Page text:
Andrew Violette offers a music festival's worth of new pieces on a 2 CD set aptly titled UltraViolette. The obsessive virtuosity, big emotions and lush Lisztian harmonies are still there but the pioneering use of large scale forms is not. Instead we get the smaller works, from 1970 to 1994, still mystical and ecstatic but more easily digestible.
The program opens with Pistis Sophias, a chant sung by New York based, Grammy nominated soprano, Elizabeth Farnum. Her beautiful lyric soprano makes a direct emotional connection in this first experiment with modality (written in 1970 when the composer was 16). A flute sonata, played by Maggie Lauer, who nails the drop-dead hard licks, follows. Two of the four movements are transcriptions of the Five Sonatinas, also on the CD, played by the composer. These Sonatinas (1994) explore episodic use of color, akin to late Debussy. Violette plays the big splashes of luminosity--with its crashing octaves, daring trills, extravagant gestures--with a thoroughly committed and spectacular musical scholarship.
Next is Six Performances, almost a jazz piece, played by Ensemble-Pi with the composer as guest pianist. Six pieces, six different tempos, six different moods--all played together! A trio--played by Kaitilin Mahony, a horn player with American Composers Orchestra and Broadway; John Rojak, a member of the American Brass Quintet and Broadway shows, and the composer on keyboard--rounds out the first CD. This music is energetic and fiercely physical. There's a winding staccato bass trombone etude played to perfection as well as an expressive high-horn solo of considerable breath-control difficulty that has to be heard to be believed. A trifle for piano four-hands about love transformed is zipped off by the composer and Janice Weber (she recorded the notoriously difficult 1838 version of the Liszt Etudes on IMP). You can hear the fun they had recording this new-complexity bonbon.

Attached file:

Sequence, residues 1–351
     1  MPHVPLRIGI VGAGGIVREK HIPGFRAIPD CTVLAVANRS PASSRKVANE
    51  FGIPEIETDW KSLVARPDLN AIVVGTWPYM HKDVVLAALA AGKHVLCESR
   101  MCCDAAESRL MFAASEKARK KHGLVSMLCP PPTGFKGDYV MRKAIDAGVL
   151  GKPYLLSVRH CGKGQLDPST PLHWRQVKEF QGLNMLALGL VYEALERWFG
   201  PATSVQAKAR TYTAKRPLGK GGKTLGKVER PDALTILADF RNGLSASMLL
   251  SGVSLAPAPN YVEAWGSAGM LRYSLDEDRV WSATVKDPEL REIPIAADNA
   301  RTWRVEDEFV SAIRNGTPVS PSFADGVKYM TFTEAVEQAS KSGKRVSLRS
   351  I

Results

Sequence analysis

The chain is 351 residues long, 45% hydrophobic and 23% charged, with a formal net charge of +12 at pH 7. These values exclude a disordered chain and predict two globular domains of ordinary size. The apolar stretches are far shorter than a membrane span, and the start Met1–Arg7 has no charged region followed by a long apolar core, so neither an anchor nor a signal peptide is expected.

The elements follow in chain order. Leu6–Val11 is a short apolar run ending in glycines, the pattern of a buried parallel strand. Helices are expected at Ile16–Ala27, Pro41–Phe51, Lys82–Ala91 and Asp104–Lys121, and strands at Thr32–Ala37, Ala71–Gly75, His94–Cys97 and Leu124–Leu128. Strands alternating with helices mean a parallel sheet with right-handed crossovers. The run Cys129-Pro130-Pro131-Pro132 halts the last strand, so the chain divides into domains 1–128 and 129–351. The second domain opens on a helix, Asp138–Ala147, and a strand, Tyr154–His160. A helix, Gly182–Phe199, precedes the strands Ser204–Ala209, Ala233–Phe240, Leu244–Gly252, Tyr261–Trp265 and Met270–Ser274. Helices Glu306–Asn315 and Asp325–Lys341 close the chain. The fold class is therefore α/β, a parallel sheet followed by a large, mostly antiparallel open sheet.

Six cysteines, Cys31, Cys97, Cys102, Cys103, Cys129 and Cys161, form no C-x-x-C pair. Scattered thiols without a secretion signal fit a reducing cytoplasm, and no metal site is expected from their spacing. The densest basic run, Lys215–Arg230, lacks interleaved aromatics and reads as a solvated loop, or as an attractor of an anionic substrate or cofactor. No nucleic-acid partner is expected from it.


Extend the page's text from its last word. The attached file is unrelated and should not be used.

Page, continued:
The rest of the second CD is art songs sung by Raemond Martin (soloist in the Met's Porgy and Bess; Scarpia with New York Grand Opera) and Sherry Zannoth (Met debut in Weill's Mahagonny). Sherry, with her secure top, solid bottom and a penetrating high register, sings with a warmly vibrant, clear-eyed honesty.You have to hear her expressive pianissimos coupled with those powerful, Wagnerian high notes. Raemond sings the soaring melodies with acute musical intuition, direct in his emotional connection, with great clarity of diction. The mastering leans toward the wet, sounding a bit like a pop and there's that gorgeous peek-a-boo violet cover. A must-have for new-music-philes!